I really like Lehi’s dream, but I don’t usually care for Gospel Doctrine lessons on Lehi’s dream. You are all studying the Old Testament, but I am in Primary so I get to study whatever I want. So, rather than another post on Job, I thought I’d take a stab at digging something interesting out of Lehi’s dream.
The Exodus story, the Temple, and Lehi’s dream are all just different portrayals of the same plan of salvation. It was very helpful to me when I realized this. Some of the symbols in Lehi’s dream take on added meaning when we see how the same symbol appeared in the Exodus or in the ancient temple. But I get ahead of myself, the symbols will have to wait for subsequent posts. To see how these frameworks tie together, it is useful to take notice of a particularly inconspicuous scriptural term: “the way.” The first mention of the way occurs when Adam and Eve are driven out of the Garden of Eden:
So he drove out the man; and he placed at the east of the garden of Eden Cherubims, and a flaming sword which turned every way, to keep the way of the tree of life. (Genesis 3:24)
From the verse above, we see that the way leads back to the tree of life and that it has been guarded since the fall. The Garden of Eden was the first temple. Donald Parry does a good job of summarizing the connection to the temple:
Once a year on Yom Kippur, the Day of Atonement, Adam’s eastward expulsion from the Garden is reversed when the high priest travels west past the consuming fire of the sacrifice and the purifying water of the laver, through the veil woven with images of cherubim. (Temples of the Ancient World pg. 135).
The cherubim embroidered on the veil of the ancient temple were set there to symbolize the cherubim God placed to protect the way of the tree of life. This also calls to mind Brigham Young’s statement that the purpose of the endowment is “to enable you to walk back to the presence of the Father, passing the angels who stand as sentinels” (JD 2:31).
The Hebrew word translated as “the way” is derek which can refer to a literal road, a journey, or even a moral character. A familiar verse in Isaiah illustrates the latter usage when it speaks of people in the last days inviting others to the temple:
Come ye, let us go up to the mountain of the Lord, to the house of the God of Jacob; and he will teach us of his ways, and we will walk in his paths (Isa. 2:3).
The way is not a literal road, but a symbolic path representing a course of life or a manner of living. The people in Isaiah’s vision went to the temple to learn how to live a godly life. They went to learn the manner in which they must live in order to return to the tree of life and partake of its fruit. This manner of living is also referred to as the “name” of the Lord. When Moses asked God to “shew me now thy way,” God responds by proclaiming the name of the Lord:
Now therefore, I pray thee, if I have found grace in thy sight, shew me now thy way that I may know thee, that I may find grace in thy sight: and consider that this nation is thy people. (Ex. 33:13)
5 And the LORD descended in the cloud, and stood with him there, and proclaimed the name of the LORD.
6 And the LORD passed by before him, and proclaimed, The LORD, The LORD God, merciful and gracious, longsuffering, and abundant in goodness and truth,
7 Keeping mercy for thousands, forgiving iniquity and transgression and sin, and that will by no means clear the guilty; visiting the iniquity of the fathers upon the children, and upon the children’s children, unto the third and to the fourth generation. (Ex. 34)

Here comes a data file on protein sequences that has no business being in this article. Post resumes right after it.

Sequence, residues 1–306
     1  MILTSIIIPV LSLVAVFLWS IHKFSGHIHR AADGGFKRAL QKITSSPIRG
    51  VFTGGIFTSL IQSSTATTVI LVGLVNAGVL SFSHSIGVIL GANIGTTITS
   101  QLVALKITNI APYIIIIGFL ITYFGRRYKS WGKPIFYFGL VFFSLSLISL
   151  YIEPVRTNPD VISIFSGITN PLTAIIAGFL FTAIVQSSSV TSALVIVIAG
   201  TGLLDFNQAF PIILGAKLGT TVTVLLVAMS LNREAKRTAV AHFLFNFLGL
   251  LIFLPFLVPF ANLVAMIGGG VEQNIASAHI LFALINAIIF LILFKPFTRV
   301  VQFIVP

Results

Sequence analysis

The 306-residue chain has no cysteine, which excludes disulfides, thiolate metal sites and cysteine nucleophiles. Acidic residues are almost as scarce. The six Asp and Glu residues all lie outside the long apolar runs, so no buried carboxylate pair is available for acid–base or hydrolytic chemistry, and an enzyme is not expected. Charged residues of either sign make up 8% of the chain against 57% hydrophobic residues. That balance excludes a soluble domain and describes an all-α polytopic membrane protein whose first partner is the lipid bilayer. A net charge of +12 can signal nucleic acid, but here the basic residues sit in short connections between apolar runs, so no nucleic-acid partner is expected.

The Lord revealed his name as a list of his attributes. It is clear that the way/name of the Lord is a manner of living. This adds deeper meaning to the concept of taking upon ourselves the name of the Lord. Taking on Christ’s name involves a new manner of living, taking upon ourselves his attributes, becoming as he is. The way and the name are closely related. Thus, Nephi concludes a chapter in which he had not previously used the word “name” by saying: “this is the way; and there is none other way nor name given under heaven whereby man can be saved” (2 Ne 31:21). We’ll get back to that passage momentarily.
The way is expanded and developed by the symbolism of the Exodus. The Exodus story sets up the most important typology of the Old Testament. The symbolism of the Exodus is drawn on constantly in subsequent scriptures, including modern revelations. The story of the Exodus contains many parallels to the ancient temple which should be familiar to any student of the Old Testament.
Just as the temple drama depicts the journey from the captivity of sin to the tree of life, the Exodus story describes a journey from captivity in Egypt to the promised land. The temple was divided by two barriers into three areas: the outer court, the holy place, and the holy of holies. In the Exodus story, Egypt is divided from the wilderness by the Red Sea, which is, in turn, divided from the promised land by the Jordan River. Egypt, like the outer courtyard of the temple, was representative of man in his fallen condition and under the bondage of sin. An offering at the altar of sacrifice and a washing in the laver of water were required in order to enter the holy place from the outer courtyard. The altar of sacrifice is paralleled by the Passover, in which all the firstborn sons who were not covered by the blood of the lamb on their door posts were killed. The laver is represented by the Red Sea in which the children of Israel received their baptism (cf. 1 Cor 10:1-2). The holy place of the temple was modeled by the wilderness in which the children of Israel received manna from heaven (shewbred) and were guided by a pillar of fire (candlestick). The children of Israel crossed the Jordan River (final veil) into the promised land, representing their entrance into the holy of holies.